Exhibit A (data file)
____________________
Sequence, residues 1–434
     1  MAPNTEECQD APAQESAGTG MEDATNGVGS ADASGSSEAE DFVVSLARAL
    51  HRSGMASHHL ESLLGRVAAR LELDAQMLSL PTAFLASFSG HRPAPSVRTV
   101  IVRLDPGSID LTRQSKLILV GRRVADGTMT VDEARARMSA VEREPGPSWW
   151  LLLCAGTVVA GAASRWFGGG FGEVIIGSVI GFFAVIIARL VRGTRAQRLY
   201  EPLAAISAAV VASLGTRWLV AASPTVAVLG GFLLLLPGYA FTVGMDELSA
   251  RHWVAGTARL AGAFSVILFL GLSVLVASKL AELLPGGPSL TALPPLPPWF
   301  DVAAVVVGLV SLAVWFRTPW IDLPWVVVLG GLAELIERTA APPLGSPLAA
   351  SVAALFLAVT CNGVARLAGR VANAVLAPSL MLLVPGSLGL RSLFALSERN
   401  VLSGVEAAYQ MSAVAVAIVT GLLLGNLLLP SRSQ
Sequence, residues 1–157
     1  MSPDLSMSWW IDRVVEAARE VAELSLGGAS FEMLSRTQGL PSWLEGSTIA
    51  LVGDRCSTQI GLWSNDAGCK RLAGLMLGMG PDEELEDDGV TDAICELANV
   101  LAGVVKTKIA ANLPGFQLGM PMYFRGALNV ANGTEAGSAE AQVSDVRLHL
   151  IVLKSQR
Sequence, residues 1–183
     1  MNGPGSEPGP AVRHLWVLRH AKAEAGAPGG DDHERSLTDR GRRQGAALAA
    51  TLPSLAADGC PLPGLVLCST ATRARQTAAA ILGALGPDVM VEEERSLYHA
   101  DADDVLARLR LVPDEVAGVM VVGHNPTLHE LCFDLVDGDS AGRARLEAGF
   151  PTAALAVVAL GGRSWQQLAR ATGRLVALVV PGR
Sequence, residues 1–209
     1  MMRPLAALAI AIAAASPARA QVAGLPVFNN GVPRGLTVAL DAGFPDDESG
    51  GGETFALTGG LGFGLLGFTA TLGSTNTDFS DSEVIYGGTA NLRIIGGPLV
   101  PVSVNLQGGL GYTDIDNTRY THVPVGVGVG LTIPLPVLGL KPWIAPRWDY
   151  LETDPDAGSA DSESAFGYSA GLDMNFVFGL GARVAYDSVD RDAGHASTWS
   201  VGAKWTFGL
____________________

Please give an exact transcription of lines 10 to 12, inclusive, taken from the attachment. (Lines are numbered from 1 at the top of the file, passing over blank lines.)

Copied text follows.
   401  VLSGVEAAYQ MSAVAVAIVT GLLLGNLLLP SRSQ
Sequence, residues 1–157
     1  MSPDLSMSWW IDRVVEAARE VAELSLGGAS FEMLSRTQGL PSWLEGSTIA